These states, somewhat more adverse and difficult to assume for the human being, have key importance in your behavior and also in your survival. What was Daniel Goleman’s goal when he wrote Destructive Emotions? Well, first of all, there’s one aspect that needs to be clarified. This book by the best-selling author in the field of emotional intelligence takes into account spiritual practice. It’s specifically from the perspective of the Dalai Lama.
Destructive emotions according to Daniel Goleman
Therefore, Goleman differentiates the Western perspective of emotions and the more philosophical and less scientific vision of Buddhism, which still offers us a valuable framework from which to reflect on. Moreover, in those talks held with the Lama in 2001, many of the more rigorous minds of the West surrendered to the Tibetan leader’s approach. And they did so for many reasons.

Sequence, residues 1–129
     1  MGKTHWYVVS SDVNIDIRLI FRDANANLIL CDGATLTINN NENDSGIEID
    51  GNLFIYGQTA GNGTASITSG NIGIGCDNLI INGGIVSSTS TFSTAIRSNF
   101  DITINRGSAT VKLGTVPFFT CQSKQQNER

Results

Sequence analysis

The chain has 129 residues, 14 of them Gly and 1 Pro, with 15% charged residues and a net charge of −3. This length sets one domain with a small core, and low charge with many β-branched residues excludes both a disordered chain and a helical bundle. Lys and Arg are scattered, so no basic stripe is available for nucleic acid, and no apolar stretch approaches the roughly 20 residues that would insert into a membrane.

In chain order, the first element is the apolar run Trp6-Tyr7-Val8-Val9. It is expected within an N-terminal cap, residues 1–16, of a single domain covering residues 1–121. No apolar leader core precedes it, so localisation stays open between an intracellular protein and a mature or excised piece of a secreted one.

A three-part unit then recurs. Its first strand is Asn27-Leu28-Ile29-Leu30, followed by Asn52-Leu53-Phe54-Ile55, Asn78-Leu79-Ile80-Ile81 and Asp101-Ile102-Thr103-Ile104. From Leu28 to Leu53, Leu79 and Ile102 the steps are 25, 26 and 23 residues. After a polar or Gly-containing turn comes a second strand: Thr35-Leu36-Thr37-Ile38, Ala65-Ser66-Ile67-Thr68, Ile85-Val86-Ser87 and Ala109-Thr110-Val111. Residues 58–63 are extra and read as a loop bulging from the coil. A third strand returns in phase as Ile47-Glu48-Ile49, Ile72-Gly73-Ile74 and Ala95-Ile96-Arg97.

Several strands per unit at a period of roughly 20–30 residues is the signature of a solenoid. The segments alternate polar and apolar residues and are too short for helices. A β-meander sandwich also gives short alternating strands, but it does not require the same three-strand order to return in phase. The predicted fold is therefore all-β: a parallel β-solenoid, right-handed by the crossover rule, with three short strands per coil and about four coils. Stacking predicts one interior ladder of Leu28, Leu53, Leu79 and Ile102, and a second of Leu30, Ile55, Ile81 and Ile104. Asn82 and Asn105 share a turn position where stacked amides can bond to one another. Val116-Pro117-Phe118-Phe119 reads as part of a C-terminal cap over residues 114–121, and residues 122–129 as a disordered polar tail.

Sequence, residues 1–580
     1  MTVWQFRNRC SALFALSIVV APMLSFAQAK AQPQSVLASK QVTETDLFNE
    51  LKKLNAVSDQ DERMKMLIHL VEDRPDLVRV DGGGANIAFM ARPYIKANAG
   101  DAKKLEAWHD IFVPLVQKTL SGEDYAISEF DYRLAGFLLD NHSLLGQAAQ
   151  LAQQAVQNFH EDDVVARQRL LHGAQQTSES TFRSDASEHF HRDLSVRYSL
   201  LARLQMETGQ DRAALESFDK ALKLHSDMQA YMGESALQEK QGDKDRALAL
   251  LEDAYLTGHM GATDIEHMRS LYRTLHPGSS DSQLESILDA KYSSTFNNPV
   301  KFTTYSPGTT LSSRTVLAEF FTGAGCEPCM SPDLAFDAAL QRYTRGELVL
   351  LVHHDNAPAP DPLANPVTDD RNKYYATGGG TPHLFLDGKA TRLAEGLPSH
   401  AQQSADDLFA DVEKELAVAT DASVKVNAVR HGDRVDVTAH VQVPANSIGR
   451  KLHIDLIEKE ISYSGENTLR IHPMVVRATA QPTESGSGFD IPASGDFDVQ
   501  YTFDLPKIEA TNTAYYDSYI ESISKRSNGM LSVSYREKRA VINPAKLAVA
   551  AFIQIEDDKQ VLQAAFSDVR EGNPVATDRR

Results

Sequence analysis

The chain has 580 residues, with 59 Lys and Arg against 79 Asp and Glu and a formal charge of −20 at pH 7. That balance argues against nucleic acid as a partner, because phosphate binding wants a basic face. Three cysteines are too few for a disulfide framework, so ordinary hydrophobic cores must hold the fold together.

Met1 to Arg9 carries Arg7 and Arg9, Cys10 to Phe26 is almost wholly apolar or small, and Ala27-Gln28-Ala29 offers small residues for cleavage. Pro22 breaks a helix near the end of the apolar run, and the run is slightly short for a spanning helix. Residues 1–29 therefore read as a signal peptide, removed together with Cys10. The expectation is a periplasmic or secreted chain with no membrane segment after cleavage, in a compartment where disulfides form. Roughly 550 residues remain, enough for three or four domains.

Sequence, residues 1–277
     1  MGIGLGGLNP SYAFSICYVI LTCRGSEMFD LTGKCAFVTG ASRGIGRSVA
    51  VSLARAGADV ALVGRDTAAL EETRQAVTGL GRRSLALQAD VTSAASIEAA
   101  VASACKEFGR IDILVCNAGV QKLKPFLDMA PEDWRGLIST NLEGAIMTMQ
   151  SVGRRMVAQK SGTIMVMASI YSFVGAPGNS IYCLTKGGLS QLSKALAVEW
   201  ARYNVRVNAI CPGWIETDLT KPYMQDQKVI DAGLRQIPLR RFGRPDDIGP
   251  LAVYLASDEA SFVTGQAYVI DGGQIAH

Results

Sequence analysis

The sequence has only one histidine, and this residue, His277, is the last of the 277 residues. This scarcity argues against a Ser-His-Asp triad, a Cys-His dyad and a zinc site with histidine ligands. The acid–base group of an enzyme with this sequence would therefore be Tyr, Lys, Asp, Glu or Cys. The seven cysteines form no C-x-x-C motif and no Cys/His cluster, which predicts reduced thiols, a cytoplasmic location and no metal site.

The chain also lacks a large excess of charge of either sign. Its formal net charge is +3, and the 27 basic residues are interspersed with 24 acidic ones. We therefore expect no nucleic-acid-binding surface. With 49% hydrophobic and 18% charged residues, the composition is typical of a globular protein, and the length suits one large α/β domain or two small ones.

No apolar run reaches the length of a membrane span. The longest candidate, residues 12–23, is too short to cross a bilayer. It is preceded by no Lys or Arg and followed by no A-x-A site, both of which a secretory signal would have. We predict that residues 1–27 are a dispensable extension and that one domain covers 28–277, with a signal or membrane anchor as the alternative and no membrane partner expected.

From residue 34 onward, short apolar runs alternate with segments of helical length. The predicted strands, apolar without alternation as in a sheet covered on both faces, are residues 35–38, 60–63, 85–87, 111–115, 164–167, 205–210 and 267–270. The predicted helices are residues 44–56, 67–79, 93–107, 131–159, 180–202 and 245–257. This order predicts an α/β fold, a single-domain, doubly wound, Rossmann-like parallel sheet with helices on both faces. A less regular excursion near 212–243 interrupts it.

Adverse emotions are states of mind that affect our words and actions
Buddhist philosophy reveals that the most common sources of suffering and unhappiness are embedded in a series of adverse emotions that plunge you into nihilism, ignorance, and materialism. For instance, according to the Dalai Lama, they’re mental states that distort your internal dialogue, the way y0u communicate with others, and that influence your behavior.
So what are these adverse emotions according to Buddhism?
- Desire understood as attachment.
From a scientific standpoint, it’s worth noting that the Dalai Lama isn’t too far wrong if we consider one aspect. There are indeed destructive emotions in the most literal sense. Two of them, namely anger and anxiety, tend to be particularly harmful.
For example, according to a study at the University of Sydney, the risk of suffering a heart attack is 8.5 to 10 times higher in the two hours after experiencing intense and excessive anger. Therefore, it’s something that you should be aware of.
Kleshas, the poisons of the mind and their four antidotes